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Bob Pandolfo: Hard-trying horses and the three-length rule
One of the most simple but overlooked factors in betting horses is -- betting on game horses. We often talk about analyzing trips or fractional times; looking for key driver changes; comparing final times. Yes, there are many factors. That's why my book, Trotpicks: Modern Harness Handicapping, is 126 pages long and could have been much longer.
I don't think there's any question about it, some horses try harder than others. Sometimes we call this desire to win "class." A lot of times our final decision on which horse to bet comes down to two selections. Let's create an example. Say we're handicapping a race at the Meadowlands. The Meadowlands is tough on cheap speed. On half mile tracks, and some five eighth tracks, you'll often see cheap horses win because they used their early speed to get the lead. This doesn't happen at the Meadowlands, especially in the winter. For a horse to go wire to wire at the Meadowlands it usually has to have some class. The Meadowlands is a track that favors horses that can finish, and have a touch of class.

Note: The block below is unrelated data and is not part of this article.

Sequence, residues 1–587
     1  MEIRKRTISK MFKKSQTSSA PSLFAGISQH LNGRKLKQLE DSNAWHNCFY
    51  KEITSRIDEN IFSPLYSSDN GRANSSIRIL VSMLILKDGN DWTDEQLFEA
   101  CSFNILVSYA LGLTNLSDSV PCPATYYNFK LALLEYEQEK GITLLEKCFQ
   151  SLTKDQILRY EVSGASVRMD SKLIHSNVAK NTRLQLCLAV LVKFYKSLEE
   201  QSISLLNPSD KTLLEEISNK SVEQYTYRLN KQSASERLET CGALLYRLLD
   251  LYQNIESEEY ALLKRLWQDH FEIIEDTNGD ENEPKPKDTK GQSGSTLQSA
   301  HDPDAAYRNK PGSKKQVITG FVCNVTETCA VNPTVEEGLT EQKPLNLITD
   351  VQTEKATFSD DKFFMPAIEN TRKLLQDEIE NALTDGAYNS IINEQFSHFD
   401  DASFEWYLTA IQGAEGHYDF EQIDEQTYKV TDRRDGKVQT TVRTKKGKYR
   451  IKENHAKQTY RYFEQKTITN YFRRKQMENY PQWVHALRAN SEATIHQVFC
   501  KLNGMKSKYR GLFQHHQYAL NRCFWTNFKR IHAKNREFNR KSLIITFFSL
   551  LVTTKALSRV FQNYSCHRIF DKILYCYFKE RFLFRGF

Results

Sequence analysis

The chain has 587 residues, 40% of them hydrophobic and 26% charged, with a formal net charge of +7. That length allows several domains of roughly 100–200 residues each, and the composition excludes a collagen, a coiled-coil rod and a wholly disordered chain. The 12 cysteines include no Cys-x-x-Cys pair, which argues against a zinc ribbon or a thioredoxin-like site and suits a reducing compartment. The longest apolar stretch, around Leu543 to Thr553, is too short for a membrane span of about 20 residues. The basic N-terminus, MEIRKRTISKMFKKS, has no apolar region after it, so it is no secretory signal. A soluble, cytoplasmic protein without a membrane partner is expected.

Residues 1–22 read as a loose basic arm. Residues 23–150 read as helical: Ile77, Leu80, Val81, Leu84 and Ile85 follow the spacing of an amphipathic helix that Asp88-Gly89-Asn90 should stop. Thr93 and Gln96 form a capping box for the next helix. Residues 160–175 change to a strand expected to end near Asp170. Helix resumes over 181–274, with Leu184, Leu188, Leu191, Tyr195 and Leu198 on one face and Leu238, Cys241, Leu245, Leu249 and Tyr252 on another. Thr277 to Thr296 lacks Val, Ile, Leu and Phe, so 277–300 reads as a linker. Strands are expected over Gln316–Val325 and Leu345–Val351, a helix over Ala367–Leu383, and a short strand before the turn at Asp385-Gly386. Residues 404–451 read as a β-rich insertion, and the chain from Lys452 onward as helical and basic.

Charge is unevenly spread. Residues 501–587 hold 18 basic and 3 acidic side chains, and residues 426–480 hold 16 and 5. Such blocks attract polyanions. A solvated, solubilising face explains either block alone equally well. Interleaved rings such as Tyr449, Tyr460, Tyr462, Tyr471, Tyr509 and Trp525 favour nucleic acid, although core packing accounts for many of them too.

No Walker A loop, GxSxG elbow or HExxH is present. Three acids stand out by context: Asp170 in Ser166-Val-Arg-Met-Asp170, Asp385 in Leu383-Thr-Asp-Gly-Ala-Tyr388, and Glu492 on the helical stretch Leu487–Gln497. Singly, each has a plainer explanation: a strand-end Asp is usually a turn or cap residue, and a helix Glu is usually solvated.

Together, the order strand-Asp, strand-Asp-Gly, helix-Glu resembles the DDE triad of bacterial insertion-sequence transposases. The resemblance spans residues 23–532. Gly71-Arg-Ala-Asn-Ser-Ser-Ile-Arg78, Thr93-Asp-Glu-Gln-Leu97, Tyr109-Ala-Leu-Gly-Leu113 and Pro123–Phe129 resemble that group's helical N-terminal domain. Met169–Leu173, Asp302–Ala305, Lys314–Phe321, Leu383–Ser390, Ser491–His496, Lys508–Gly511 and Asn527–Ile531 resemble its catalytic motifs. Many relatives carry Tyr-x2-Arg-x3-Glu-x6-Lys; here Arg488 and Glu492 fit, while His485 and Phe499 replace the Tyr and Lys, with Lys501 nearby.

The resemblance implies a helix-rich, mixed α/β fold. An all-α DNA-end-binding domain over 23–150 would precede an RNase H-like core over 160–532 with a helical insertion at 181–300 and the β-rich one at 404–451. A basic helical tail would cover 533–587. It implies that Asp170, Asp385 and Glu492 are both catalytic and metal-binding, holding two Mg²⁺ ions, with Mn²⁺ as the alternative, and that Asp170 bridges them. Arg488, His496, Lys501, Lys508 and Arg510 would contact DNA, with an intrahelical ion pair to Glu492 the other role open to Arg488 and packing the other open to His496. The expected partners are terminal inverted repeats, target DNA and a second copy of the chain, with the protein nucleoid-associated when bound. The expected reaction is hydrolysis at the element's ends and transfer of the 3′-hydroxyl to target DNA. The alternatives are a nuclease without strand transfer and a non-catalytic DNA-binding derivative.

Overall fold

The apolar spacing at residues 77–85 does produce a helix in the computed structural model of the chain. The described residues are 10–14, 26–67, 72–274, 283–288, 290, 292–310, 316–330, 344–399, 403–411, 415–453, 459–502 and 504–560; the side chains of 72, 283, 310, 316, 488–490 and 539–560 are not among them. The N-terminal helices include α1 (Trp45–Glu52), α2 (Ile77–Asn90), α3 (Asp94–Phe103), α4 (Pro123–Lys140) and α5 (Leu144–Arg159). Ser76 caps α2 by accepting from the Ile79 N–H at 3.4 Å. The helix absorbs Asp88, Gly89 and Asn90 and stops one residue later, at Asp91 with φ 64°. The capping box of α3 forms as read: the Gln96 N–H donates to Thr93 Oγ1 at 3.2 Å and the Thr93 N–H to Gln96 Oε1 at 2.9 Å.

So say that I'm handicapping a $15,000 claiming race at the Meadowlands, and I've narrowed it down to two horses, the four and the five. Both are 2-1 odds. The four horse is a 4 year old that has a lifetime win percentage of 15% and the horse has won several races at the same $15,000 level, but all on half and five eighth tracks. Last week the horse made its first start at the Meadowlands and showed good form, finishing third closing nicely with a final time of 1:52. This horse has never beaten horses worth much more than $20,000.
The five horse is a 9 year old who also has a lifetime win percentage of 15%. He raced over the track in a $15,000 claimer last week and finished third, also showing good form, closing well with a final time of 1:52. We can see why these horses are both 2-1. But, the 9 horse has raced 10 times over the Meadowlands track in his career and has 3 wins, which is 30%, twice his lifetime win percentage. And, two years ago when he was 7 years old he took his lifetime mark of 1:50.1 over this track. In his career he has raced competitively against Preferred company at times, and has won races at claiming levels from $15,000 on up to $50,000.